Jenny Eastop’s revival of Ben Jonson’s satire, The Alchemist, is energetic and fast paced with a cast who give justice to the comedic moments. The text has an ongoing relevance and is a 17th century version of the get-rich-quick schemes of today and explores the themes of greed and gullibility. The action takes place at a house in Blackfriars during an outbreak of the plague. Lovewit (Clark Alexander), a wealthy gentleman who owns said house flees to the country to escape the plague, leaving his house in the not-so-trustful hands of his butler, Face (Peter Wicks). Along with his accomplices Subtle aka The Alchemist (Benjamin Garrison) and Doll Common (Beth Eyre), they think up a scheme to get the wealthy to give them their cash. Using the house as their venue they end up fooling the customers into thinking that they have discovered a way to turn metal into gold. In order to accomplish this they have to get into some disguises, which is where the comedy comes from.
Jonson’s text is ironic and snappy; definitely writing that deserves the acclaim it gets. The language is difficult to understand at times, but the actors tackle it with vigour and specificity, making it accessible to a modern audience.
Spanning only a mere 90 minutes, without an interval this production speeds forward like a locomotive with Peter Wicks, who shines as Face, in the driving seat. The criminal trio play well together. Benjamin Garrison is hilarious as Subtle. Beth Eyre plays the comedy well, particularly in the scene where she is disguised as a compliant, well-mannered lady and being courted by Sir Epicure Mammon (Jeremy Booth).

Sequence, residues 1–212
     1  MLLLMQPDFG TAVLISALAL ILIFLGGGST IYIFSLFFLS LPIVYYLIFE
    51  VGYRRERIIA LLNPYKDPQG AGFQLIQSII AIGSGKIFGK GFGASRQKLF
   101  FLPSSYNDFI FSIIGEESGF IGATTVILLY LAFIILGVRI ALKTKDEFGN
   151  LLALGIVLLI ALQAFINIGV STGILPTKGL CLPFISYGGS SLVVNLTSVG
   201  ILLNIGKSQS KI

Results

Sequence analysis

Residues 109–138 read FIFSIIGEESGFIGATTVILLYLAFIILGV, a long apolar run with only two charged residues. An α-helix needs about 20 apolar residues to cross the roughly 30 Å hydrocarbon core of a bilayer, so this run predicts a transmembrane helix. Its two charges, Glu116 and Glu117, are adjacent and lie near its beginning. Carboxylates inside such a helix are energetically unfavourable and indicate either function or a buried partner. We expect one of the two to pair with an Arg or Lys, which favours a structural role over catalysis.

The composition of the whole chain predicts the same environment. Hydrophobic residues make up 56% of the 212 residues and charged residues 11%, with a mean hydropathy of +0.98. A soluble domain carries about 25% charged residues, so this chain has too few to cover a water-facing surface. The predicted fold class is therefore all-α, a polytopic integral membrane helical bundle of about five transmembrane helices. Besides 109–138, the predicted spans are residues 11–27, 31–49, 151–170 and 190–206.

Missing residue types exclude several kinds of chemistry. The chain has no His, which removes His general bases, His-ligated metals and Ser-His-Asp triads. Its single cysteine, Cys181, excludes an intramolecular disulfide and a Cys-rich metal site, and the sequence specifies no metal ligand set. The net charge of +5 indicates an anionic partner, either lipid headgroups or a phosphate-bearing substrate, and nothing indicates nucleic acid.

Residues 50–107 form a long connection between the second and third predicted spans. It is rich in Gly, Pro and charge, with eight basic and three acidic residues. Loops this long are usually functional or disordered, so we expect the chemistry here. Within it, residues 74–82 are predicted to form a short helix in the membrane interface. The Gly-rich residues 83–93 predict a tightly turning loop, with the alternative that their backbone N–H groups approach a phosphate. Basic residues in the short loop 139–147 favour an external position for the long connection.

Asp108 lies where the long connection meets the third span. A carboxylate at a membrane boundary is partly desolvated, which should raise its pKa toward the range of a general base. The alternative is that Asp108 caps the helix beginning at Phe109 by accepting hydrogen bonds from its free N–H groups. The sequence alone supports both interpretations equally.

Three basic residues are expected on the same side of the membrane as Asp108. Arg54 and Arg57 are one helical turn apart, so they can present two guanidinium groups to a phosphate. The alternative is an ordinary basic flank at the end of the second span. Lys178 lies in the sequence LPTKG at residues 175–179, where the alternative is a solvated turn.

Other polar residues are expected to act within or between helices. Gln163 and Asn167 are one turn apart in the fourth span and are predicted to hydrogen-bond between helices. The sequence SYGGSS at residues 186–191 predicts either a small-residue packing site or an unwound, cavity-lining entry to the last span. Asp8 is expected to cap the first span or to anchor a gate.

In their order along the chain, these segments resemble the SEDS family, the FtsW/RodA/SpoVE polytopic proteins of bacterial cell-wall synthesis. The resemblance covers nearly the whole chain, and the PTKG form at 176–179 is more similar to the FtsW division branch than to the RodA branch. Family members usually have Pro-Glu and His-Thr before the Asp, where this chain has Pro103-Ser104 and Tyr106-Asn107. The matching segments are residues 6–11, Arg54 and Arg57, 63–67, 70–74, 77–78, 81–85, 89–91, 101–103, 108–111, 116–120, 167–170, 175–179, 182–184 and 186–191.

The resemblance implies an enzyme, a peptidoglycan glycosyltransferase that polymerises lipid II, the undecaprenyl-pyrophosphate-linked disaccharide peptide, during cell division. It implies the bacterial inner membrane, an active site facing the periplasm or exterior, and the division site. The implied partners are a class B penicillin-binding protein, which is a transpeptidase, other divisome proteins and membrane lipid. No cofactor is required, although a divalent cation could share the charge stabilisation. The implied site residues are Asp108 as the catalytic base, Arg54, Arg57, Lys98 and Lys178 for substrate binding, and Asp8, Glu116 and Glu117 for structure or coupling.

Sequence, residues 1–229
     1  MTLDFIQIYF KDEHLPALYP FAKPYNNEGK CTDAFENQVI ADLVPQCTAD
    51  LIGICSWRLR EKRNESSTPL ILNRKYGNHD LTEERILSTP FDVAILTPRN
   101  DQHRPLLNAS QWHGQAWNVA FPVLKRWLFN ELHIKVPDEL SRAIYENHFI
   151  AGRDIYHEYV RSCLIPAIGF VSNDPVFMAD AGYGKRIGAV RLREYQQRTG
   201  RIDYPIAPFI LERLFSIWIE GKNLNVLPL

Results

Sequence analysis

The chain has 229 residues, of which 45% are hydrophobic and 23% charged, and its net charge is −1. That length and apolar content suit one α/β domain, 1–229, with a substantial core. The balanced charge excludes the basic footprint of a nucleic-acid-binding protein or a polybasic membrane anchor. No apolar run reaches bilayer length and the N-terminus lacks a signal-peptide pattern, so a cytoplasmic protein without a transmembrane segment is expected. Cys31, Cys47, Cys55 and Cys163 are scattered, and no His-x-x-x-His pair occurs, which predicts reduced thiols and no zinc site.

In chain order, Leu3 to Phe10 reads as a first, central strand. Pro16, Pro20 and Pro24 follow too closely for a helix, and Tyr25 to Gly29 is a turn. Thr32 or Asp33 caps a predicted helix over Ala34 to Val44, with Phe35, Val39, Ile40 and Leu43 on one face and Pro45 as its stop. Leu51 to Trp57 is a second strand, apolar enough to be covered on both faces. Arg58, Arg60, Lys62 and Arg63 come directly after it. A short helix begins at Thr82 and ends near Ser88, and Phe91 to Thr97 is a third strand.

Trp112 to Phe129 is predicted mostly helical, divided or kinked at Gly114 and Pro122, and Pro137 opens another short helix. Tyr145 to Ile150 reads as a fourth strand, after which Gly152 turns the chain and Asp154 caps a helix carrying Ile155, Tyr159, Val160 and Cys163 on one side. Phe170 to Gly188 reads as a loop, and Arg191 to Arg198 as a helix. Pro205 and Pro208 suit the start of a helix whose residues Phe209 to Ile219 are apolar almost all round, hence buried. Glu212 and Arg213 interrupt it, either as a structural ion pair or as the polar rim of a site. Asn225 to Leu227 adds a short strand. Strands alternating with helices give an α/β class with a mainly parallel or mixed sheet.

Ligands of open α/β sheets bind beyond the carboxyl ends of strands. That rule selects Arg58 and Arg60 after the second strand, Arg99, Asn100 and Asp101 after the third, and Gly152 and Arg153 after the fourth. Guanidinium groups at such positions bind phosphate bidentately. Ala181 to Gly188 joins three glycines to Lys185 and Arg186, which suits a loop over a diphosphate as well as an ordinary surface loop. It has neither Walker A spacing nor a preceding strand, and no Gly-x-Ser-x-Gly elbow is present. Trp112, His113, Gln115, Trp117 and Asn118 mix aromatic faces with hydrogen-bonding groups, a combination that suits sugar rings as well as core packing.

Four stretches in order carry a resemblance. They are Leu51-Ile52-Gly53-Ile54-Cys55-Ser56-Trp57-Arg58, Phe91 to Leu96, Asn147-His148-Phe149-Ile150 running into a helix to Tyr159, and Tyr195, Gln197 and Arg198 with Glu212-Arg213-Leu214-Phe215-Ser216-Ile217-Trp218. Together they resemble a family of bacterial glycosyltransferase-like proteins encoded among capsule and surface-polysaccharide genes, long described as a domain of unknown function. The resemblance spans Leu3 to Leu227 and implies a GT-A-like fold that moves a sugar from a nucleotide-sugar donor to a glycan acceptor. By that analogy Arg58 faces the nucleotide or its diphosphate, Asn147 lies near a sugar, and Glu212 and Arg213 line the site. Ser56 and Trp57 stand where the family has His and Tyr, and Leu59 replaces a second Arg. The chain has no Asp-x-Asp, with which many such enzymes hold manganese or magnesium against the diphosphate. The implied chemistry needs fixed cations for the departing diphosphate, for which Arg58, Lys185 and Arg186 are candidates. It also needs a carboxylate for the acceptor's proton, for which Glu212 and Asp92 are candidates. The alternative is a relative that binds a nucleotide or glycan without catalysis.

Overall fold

The set is intimate with three different entrances for the actors to run in from, which works well for a farce. Behind the staging are the remains of the Tudor theatre, which adds an eeriness to the venue. The choice of music was fun, as the sounds of dubstep and ‘Earthquake’ by Labrinth were thrown in to accompany the transitions between scenes. The production is not without its flaws, but it’s an honest production without the frills of bigger productions and is a great way to be introduced to Jonson’s work.
Running until: 30th June
Director and Producer: Jenny Eastop
More information and booking: mercuriustheatre.co.uk